Several tax developments in 2021 will affect tax reporting by ministers and church staff for the upcoming tax-filing season, as well as reporting and records-keeping requirements for churches, in 2022 and beyond. Richard R. Hammar provides insights into 63 of these key developments in his 2022 Church & Clergy Tax Guide, now available for preorder.
Hammar comprehensively covers ten of these noteworthy developments in an exclusive Advantage Member article. This sneak-peek article offers a glimpse into the ten.
One development offers an important reminder that The Coronavirus Aid, Relief, and Economic Security (CARES) Act (2020) allows taxpayers to deduct up to $300 of cash contributions, whether they itemize their deductions or not. Congress extended this deduction through 2021 and increased it to $600 for married couples filing a joint return.
Another development related to charitable giving details why a California law demanding charities disclose identifying information about large donors was ruled unconstitutional—certainly good news for both charities and churches concerned about government overreach.
Two other developments address the issue of ministers seeking to exempt themselves from Social Security. Ministers are eligible for exemptions based on sincerely held religious beliefs. But many instead seek exemptions for financial reasons, not religious reasons, based on erroneous financial guidance they receive. The financial consequences can be dire for those who do not properly set aside funds for retirement.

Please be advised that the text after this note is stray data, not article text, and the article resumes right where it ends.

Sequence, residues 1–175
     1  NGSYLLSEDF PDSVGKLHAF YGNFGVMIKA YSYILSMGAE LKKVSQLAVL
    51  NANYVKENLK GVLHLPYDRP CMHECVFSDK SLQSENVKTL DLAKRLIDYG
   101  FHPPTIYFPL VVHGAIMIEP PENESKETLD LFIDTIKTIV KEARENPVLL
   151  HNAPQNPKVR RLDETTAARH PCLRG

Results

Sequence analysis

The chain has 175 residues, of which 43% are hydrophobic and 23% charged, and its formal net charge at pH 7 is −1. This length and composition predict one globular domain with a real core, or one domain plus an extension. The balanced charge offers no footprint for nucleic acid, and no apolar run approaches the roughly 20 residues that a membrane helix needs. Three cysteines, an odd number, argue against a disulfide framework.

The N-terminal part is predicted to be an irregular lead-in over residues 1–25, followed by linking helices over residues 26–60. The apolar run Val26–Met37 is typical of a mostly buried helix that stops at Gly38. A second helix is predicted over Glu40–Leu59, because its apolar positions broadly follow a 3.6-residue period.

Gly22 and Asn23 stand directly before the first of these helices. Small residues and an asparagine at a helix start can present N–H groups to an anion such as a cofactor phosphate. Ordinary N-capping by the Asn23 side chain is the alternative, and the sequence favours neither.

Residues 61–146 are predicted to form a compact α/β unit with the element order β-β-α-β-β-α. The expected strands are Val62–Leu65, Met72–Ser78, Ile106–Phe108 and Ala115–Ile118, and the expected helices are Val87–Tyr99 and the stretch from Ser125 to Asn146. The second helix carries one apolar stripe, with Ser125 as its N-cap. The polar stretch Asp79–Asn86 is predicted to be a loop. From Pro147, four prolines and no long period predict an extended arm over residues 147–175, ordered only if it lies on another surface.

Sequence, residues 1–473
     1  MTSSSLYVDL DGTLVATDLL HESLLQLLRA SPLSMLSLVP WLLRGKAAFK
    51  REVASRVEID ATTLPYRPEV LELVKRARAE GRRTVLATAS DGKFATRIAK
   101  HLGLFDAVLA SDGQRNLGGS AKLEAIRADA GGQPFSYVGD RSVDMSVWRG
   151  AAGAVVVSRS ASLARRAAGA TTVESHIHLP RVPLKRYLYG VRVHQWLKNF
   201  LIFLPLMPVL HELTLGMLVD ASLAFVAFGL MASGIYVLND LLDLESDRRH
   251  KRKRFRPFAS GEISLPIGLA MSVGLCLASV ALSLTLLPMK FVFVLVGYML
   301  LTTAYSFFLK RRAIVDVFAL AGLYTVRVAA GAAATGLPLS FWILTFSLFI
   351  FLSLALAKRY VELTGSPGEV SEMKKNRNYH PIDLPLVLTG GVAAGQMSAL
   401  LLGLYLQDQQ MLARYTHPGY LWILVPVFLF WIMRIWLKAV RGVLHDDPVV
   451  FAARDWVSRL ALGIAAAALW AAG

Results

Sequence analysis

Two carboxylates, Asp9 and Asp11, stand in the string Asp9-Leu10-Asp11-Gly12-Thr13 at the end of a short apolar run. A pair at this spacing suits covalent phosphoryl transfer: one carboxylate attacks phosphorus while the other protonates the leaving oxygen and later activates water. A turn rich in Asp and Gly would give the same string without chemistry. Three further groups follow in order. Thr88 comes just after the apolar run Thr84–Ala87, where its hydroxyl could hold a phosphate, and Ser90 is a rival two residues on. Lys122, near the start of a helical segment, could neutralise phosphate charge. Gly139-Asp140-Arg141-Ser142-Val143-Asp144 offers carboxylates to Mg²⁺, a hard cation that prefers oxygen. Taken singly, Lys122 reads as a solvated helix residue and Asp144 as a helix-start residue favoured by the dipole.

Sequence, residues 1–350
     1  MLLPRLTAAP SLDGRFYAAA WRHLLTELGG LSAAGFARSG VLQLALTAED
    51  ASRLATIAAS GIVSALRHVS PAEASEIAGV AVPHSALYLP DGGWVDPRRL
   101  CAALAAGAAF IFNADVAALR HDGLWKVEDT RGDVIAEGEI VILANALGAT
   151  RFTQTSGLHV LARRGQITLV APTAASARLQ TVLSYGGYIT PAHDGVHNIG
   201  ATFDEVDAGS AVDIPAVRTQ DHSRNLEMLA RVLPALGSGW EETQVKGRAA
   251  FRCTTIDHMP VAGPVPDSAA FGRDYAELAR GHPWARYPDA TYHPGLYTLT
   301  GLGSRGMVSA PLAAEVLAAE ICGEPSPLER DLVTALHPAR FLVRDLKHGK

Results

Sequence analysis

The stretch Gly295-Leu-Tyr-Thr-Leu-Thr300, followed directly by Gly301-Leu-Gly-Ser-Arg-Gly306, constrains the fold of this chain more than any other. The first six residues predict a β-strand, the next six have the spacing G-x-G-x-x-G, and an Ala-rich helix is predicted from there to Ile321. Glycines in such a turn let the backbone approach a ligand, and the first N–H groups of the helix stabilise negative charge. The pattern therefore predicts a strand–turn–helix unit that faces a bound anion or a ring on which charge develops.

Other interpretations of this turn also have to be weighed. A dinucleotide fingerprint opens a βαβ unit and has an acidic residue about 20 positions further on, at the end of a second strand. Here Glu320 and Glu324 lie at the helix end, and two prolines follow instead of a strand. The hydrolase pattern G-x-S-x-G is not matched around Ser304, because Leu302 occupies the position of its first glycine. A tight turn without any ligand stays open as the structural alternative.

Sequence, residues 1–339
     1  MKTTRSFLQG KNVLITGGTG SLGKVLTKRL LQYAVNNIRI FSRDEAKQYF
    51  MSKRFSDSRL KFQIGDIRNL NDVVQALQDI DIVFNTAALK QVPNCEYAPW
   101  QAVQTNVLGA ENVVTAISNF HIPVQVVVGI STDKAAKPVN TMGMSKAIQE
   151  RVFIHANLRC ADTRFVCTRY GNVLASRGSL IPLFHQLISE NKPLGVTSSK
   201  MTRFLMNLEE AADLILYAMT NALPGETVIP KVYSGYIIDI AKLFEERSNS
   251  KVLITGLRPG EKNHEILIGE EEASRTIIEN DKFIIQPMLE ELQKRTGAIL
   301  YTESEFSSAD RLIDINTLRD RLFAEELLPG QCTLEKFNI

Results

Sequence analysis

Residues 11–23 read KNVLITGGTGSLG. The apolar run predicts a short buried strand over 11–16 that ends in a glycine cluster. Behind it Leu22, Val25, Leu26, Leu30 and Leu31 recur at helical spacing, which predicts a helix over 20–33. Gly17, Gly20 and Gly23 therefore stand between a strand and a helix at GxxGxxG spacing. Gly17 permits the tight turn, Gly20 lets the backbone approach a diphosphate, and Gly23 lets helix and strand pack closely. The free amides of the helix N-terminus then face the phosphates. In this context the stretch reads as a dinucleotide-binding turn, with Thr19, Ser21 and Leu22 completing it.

Barring an act of the US Congress, it is very difficult for ministers to later receive a revocation for a previously obtained exemption. Congress has not acted on this issue, and no bills were introduced in Congress in 2021 that would authorize ministers to revoke an already-obtained exemption from Social Security.
However, a 2020 amendment by the Internal Revenue Service’s Internal Revenue Manual suggests a possible path for a minister to receive a revocation if he or she can show the exemption was sought solely for economic reasons, rather than religious ones. Hammar provides further details.
Hammar also addresses a ruling by a federal court in Illinois, in which the court rejected a minister’s argument he had successfully revoked his previously obtained exemption from Social Security.
Other developments address the denial of a donor’s deduction for a multimillion-dollar donation; severe penalties assessed for an excess benefit transaction (an all-too common occurrence in churches); the loss of a church’s tax-exempt status because its founder used the congregation’s assets for private benefit; and more.
Get the full picture. See Richard Hammar’s comprehensive review in the exclusive Advantage Member article, “10 Key Tax Developments Affecting Churches and Pastors in 2022,” or purchase your copy of the 2022 Church & Clergy Tax Guide.